With personalized product recommendation engines, eCommerce stores can immediately deliver product suggestions. Rather than providing users with pre-defined related products, highly relevant products can automatically be recommended on any page, from products to the shopping cart.
We wanted to give you a closer look at how machine learning technology tracks, stores, and analyzes data so that you can deliver both product and user recommendations to customers. We also wanted to more closely explore the advantages of personalized recommendations over pre-defined related products. So today we’re going to do just that.
Let’s dive into personalized recommendation engines and explore how they learn from customers to deliver highly accurate product suggestions, and take a look at how one store has used our plugin to meet their specific needs.
What do recommendation engines do?
As we covered in our previous post on personalized product recommendations (say that ten times fast!), recommendation engines track and analyze user data, and use said data to automatically generate product recommendations in specific locations like product pages or the shopping cart.
The benefits of automatic recommendations
In a typical WooCommerce installation, related products must be assigned manually, and on an individual basis. This is done at the discretion of the store owner, developer, or administrator. Products may be assigned based on existing data, assumptions, or both.
Not only is this time-consuming, it’s also potentially inaccurate. A developer in charge of store setup might assume that two products go together because they look similar or are in the same category, but in reality, customers may never consider pairing these items. This can potentially harm a store’s revenue, because shoppers may not be exposed to relevant or coordinating products.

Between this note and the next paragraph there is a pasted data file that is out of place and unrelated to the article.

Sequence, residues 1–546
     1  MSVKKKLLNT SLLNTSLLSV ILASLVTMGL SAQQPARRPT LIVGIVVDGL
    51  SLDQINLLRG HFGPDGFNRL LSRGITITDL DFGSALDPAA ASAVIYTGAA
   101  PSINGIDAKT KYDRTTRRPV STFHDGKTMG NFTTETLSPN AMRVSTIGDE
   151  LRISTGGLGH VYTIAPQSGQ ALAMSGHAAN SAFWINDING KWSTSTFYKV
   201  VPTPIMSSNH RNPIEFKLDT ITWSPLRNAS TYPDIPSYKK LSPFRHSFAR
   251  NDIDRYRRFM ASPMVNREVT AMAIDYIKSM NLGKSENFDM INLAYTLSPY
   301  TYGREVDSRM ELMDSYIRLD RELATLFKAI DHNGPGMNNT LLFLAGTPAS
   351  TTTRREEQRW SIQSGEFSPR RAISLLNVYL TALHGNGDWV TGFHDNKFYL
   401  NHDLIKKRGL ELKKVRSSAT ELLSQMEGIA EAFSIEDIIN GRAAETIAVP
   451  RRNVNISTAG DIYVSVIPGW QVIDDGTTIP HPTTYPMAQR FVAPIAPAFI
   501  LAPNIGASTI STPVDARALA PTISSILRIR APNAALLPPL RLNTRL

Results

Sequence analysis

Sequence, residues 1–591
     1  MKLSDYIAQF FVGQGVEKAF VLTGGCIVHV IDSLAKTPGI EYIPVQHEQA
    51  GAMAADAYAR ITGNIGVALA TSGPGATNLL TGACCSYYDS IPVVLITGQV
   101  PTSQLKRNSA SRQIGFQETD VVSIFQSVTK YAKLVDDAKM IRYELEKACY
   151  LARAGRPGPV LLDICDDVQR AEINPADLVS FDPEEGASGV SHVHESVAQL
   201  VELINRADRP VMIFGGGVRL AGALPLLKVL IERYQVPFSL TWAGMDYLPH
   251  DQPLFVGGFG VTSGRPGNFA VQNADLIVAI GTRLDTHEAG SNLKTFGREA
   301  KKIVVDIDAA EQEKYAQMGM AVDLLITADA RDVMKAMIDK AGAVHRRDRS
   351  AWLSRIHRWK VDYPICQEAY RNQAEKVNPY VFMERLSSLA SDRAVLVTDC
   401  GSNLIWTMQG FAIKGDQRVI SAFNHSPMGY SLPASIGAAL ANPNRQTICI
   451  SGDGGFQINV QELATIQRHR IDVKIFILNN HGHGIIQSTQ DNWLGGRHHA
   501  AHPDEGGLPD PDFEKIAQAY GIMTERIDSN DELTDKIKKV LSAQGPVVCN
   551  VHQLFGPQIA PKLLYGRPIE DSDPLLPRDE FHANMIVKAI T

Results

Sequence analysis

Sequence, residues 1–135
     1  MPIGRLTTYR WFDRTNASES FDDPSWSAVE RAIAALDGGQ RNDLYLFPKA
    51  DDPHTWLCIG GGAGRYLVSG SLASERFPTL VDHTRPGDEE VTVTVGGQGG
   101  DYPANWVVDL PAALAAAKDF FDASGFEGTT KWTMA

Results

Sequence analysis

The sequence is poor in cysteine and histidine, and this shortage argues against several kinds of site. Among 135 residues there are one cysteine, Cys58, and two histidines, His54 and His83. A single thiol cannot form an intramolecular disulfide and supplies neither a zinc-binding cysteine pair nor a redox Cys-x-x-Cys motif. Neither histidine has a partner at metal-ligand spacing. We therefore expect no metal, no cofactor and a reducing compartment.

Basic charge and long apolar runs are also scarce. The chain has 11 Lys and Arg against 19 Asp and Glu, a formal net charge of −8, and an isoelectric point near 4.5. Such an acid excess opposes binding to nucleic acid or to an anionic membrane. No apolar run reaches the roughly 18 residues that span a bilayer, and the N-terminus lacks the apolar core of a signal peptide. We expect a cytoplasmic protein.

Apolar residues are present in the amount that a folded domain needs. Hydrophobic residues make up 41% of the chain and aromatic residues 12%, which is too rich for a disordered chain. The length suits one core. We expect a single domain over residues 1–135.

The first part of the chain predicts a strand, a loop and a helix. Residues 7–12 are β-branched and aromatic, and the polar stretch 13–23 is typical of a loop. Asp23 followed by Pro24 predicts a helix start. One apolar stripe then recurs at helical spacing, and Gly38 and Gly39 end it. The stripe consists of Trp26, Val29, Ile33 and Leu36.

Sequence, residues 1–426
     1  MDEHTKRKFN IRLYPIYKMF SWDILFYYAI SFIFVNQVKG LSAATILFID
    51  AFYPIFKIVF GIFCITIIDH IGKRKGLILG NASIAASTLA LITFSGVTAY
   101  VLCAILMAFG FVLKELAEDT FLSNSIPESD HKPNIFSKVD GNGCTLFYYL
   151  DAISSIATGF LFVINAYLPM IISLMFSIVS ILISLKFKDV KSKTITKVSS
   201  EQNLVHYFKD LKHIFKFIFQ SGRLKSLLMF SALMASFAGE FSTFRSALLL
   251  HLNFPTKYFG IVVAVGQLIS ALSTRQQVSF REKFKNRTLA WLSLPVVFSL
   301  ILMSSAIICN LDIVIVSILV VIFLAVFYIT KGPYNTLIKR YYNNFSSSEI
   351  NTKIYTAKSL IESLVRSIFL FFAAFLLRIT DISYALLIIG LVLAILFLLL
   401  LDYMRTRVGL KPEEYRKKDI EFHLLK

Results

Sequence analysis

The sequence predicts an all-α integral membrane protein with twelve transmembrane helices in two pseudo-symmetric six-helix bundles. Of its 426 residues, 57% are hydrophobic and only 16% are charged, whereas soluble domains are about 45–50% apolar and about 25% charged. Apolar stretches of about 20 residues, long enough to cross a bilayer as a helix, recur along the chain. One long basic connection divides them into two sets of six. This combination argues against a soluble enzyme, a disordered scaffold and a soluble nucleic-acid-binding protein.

Additionally, stores with a high number of products or frequent changes in inventory may find it difficult to manage the task of assigning related or recommended products. If all of the related products recommended on a page go out of stock, no recommendations will be shown. Additionally, new products must be manually added to recommendations to be shown — and this can be a tedious process.
The WooCommerce Recommendations plugin allows resources to be better allocated to other tasks. It also helps take the guesswork out of assigning recommended products. Because recommendations are made automatically, and based on what a store’s customers view or purchase together, these suggestions will be based on proven behavior and preferences instead of assumptions. This can lead to much higher revenue in the long run.
How a recommendation engine tracks data and decides what to display
Recommendation engines typically track, store, and analyze user data in real-time to determine which products should be shown. When WooCommerce Recommendations is activated on a store, the Graphflow engine tracks and stores user activity in the form of events. Currently, three types of events are tracked:
- Product page views
- Products added to the shopping cart
- Completed purchases
Additionally, each event is weighted differently, with the most weight given to a completed purchase and the least to a product page view.
As Graphflow collects this data, it is able to analyze it, incorporate it into historical data from other customers, and make new recommendations to customers on the fly. These recommendations change as more customers visit the store and make purchases.
Here’s are some examples from the Graphflow Demo store, which is populated with movies as products and seeded with purchasing data.
Personalized movie recommendations on the product pages
Personalized product recommendations are those made based on how previous customers have interacted with one product in relation to others.